Editorial: Giving to United Way the best way to make sure local needs are met

October 18, 2004

One great advantage of donating to Heart of Kentucky United Way is the sure knowledge of where the money is going: Local people are being served and the local agencies that receive money are being held to a standard of accountability.

The United Way's $990,000 goal in the current campaign is not an arbitrary number. It is the result of hundreds of hours of study and education. Every spring 80 to 100 volunteers visit local agencies and groups seeking to evaluate their programs and needs. For the past five years, organizations have had to prove that their programs make a difference with measurable incomes.

United Way is also making an impact on the community through its annual Day of Caring. Local volunteers not only pitch in to help organizations for that one day, they often end up becoming long-term volunteers because of their exposure to organizations' services and needs.

The 27 agencies that receive United Way funds touch nearly everyone in the community.


The campaign supports the elderly through the Senior Companion Program, Boyle and Lincoln County Senior Citizens and the Nursing Home Ombudsman program.

Families are supported by Habitat for Humanity, Heritage Hospice, the Kidney Foundation and the Recovery Center, which provides individual and family outpatient treatment for drug abuse/dependence and domestic violence.

Self-sufficiency of local residents is increased through the support of the Danville/Boyle County Literacy Council, Legal Aid of the Bluegrass and the Special Persons Advocacy Network, which offers support for developmentally disabled people and their families.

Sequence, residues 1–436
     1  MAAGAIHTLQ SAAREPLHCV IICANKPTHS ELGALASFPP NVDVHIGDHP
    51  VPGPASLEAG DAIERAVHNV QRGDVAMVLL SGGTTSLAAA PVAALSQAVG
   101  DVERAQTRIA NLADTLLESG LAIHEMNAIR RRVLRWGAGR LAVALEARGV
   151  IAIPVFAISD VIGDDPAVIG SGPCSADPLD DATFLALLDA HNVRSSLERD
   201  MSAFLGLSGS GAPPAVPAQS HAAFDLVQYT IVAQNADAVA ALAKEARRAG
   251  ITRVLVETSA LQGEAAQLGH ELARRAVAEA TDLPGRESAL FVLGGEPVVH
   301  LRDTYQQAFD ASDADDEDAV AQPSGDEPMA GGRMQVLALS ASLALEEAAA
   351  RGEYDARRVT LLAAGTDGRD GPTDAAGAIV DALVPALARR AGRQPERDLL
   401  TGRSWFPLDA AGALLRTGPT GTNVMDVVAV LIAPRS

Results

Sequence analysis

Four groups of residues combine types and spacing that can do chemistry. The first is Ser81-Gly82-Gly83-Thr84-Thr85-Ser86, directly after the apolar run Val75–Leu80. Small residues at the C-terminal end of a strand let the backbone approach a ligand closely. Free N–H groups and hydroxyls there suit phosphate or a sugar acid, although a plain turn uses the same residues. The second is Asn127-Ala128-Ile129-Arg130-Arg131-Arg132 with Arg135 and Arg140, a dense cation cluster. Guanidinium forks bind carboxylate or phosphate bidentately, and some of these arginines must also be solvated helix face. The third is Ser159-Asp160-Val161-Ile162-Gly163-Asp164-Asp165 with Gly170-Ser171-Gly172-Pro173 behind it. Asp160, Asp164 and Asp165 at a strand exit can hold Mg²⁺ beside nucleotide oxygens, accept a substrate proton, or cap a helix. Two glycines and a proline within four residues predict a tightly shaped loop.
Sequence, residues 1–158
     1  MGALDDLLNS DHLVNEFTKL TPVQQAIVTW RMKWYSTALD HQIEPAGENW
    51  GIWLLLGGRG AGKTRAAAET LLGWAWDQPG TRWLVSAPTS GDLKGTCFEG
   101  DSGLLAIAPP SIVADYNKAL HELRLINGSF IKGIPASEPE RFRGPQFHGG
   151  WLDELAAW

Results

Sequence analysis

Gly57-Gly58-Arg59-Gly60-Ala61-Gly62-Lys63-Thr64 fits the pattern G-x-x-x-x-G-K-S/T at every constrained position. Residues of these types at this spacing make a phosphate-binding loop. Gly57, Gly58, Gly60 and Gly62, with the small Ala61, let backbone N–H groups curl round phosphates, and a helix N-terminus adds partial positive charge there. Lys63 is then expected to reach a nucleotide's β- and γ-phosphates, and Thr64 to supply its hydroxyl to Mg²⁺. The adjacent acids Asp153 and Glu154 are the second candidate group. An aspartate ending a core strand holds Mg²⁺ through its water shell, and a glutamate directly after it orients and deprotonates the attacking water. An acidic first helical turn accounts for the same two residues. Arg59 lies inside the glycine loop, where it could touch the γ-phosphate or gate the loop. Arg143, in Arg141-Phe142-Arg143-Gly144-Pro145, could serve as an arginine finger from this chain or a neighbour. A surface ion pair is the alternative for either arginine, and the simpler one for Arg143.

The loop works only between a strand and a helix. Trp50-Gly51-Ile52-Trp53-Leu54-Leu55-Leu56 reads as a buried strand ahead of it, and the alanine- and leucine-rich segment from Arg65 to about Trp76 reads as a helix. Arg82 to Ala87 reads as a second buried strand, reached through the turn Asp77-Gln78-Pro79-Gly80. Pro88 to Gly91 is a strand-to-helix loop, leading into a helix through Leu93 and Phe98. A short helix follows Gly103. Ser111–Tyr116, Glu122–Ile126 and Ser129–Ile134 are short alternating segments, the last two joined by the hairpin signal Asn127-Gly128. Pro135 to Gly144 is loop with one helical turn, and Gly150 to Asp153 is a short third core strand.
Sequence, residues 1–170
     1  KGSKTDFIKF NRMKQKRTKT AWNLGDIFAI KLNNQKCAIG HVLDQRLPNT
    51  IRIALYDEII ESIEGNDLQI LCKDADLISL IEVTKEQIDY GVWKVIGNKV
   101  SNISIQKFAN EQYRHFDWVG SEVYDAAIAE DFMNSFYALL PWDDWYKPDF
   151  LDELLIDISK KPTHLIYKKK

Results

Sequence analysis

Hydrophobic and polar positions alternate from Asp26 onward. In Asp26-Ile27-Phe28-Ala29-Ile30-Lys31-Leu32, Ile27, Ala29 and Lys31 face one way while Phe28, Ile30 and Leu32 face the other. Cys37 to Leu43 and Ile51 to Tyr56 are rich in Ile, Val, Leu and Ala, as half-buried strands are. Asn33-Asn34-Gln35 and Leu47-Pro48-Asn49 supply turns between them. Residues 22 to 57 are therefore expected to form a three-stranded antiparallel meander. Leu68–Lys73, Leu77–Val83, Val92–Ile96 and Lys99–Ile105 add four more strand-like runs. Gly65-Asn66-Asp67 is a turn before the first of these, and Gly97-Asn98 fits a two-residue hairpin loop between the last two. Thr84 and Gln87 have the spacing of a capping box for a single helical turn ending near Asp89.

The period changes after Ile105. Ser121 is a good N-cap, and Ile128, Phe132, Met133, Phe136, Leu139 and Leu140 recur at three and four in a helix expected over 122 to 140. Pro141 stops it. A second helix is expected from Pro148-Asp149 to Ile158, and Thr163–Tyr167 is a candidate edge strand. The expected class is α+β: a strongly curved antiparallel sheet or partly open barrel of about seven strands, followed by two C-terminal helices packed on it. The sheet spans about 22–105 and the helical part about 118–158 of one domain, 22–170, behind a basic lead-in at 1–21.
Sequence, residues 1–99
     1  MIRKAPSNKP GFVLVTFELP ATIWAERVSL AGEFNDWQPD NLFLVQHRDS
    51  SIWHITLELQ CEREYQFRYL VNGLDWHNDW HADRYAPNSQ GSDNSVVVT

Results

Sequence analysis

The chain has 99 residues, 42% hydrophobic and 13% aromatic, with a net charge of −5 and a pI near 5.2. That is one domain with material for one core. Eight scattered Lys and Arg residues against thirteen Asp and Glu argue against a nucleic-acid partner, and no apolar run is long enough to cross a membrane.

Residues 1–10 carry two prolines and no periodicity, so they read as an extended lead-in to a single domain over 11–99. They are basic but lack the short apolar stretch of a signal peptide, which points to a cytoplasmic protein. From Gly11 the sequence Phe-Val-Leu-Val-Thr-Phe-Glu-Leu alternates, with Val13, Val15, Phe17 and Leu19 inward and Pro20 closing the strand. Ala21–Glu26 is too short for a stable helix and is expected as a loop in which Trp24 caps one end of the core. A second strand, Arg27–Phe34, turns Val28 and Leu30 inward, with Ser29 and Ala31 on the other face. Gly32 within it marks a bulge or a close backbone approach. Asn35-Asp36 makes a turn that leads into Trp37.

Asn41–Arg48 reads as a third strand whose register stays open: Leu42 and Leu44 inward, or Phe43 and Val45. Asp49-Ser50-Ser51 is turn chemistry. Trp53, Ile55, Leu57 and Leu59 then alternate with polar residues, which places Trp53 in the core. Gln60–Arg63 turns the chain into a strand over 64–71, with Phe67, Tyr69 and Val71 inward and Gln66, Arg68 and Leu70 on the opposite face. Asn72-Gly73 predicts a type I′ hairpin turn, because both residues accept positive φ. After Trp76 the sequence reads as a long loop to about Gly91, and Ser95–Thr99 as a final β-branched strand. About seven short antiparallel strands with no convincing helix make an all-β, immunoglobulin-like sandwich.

The community's ability to meet its emergency needs are enhanced by United Way's support of local American Red Cross chapters, the Bluegrass Rape Crisis Center, Family Services, the Salvation Army and the Kentucky Domestic Violence Association.

United Way helps children succeed through its support of Big Brothers/Big Sisters, Boy Scouts, Girl Scouts, Danville Learning Disabilities Association, the Child Development Center, the YMCA, Boyle and Garrard County 4-H and the Woodlawn Sanders Crisis Stabilization Center.

With the local economy still a bit sluggish and many teachers and state and private industry employees facing increasing costs for health care, United Way's goal of $990,000 is an ambitious one. But it's important to remember that state, federal and local government funding for many of these agencies has either been cut or flat-lined, making it even more important that the community as a whole step up to the plate to make sure that the needs of local people are met.

One bright spot in the picture is a challenge grant given by an individual to United Way's Leadership Circle, which is made up of people who give $1,000 or more to the campaign. The donor will match every dollar raised above the Leadership Circle's $270,000 in contributions last year. United Way is working hard to recruit new $1,000-plus donors and also has urged current donors to increase their leadership gifts.

But whether they contribute a dollar a week or a $1,000 a year, we hope everyone in the community will do their part to make this year's campaign a success. It's the single best way to make sure that the most vulnerable among us don't fall by the wayside.

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